Objectives: To estimate the cost-effectiveness of Fecal Microbiota Transplant (FMT) for Clostridium difficile infection (CDI) as compared to the current practice comprising of antibiotic treatments. Methods: We developed a decision analytic model to compare strategies for the management of CDI, by age, gender, and three sources of infection: hospitals, communities, and long-term care facilities (LTCF). We performed validation analyses to demonstrate that the predicted CDI rates were a reasonable representation of the selected actual rates. Mortality rates were stratified by age. A probabilistic sensitivity analysis (PSA) was performed to account for the effect of uncertainty in the model parameters. Results: For the current practice, we estimated that annually 75% of CDI cases are new infections; the rest are recurrences; 40% of CDI occurs among individuals aged 80+, 41% among 60-79, and 19% among those below 60; hospital-based CDI accounted for 69 % of all CDI, while community and LTCF based CDI accounted for 26% and 5% of all CDI, respectively. The recurrence rates for current antibiotic treatment were estimated at 25.3% and 35.9% for first and second recurrences, respectively. The recurrence rate for FMT was estimated at 10.4%. For the base case, we estimated 79.0 and 64.9 per 100,000 population cases of CDI for current practice and FMT, respectively. The number of deaths is estimated at 5.8 and 4.7 per 100,000 population for current practice and FMT, respectively. The results of the cost-effectiveness analysis indicate that in the base case, FMT is a dominant strategy. The results of the PSA reveal that for the majority of simulations, FMT is dominant (positive incremental QALYs and negative incremental cost). Conclusions: The results of the cost-effectiveness analysis indicate that FMT appears to be the dominant strategy, with lower costs and better outcomes than the existing antibiotic treatments.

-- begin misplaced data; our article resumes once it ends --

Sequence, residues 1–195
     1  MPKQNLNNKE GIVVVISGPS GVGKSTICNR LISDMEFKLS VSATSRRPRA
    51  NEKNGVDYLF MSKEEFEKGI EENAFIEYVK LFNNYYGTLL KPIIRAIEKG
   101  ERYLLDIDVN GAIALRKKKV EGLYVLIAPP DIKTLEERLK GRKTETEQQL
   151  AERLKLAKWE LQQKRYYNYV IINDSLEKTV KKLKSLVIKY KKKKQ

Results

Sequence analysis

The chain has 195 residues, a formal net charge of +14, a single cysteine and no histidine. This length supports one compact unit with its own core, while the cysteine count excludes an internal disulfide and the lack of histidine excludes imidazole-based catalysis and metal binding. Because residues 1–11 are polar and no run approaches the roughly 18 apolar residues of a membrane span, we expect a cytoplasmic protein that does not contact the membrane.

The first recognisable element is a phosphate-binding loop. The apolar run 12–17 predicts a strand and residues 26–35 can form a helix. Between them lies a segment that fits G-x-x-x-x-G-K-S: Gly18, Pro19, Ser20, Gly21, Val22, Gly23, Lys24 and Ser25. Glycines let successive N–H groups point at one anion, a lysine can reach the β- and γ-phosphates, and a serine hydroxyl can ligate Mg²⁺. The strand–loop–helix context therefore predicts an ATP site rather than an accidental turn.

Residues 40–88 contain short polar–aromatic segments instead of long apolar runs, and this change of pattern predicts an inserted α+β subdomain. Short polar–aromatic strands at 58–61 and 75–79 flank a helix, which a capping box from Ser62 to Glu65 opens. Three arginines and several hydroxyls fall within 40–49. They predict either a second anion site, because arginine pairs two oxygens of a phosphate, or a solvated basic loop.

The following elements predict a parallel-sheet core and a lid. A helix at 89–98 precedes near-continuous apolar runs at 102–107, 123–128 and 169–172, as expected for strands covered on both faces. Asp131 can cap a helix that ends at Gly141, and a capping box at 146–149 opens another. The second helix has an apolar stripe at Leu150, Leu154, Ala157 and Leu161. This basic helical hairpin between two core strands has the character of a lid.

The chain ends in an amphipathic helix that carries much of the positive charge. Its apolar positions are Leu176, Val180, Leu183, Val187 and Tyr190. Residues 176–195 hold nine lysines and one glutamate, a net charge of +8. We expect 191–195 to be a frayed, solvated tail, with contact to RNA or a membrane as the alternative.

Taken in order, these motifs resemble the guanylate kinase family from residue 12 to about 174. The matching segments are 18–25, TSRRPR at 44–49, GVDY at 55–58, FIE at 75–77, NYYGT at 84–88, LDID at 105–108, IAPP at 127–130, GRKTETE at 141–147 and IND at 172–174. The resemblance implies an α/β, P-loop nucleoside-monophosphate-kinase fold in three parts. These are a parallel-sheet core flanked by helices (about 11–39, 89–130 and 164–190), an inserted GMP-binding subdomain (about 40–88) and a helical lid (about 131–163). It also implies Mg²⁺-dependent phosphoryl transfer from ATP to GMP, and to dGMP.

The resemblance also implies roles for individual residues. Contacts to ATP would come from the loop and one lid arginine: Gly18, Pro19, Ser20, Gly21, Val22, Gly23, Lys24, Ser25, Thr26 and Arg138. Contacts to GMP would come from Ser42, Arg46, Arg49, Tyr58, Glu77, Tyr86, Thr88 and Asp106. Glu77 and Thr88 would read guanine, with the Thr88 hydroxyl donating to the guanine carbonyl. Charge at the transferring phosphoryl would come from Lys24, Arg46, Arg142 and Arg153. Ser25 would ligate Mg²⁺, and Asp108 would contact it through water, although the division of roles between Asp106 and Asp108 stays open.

H., Z., C., B., & A., D. (2014). Cost-effectiveness of fecal microbiota transplant in treating clostridium difficile infection in Canada. Value in Health, 17(7), A676. https://doi.org/10.1016/j.jval.2014.08.2512 LK - http://qm3ut3ze6e.search.serialssolutions.com/?1090=EMBASE&sid=EMBASE&issn=10983015&id=doi:10.1016%2Fj.jval.2014.08.2512&atitle=Cost-effectiveness+of+fecal+microbiota+transplant+in+treating+clostridium+difficile+infection+in+Canada&stitle=Value+Health&title=Value+in+Health&volume=17&issue=7&spage=A676&epage=&aulast=Zowall&aufirst=H.&auinit=H.&aufull=Zowall+H.&coden=&isbn=&pages=A676-&date=2014&auinit1=H&auinitm=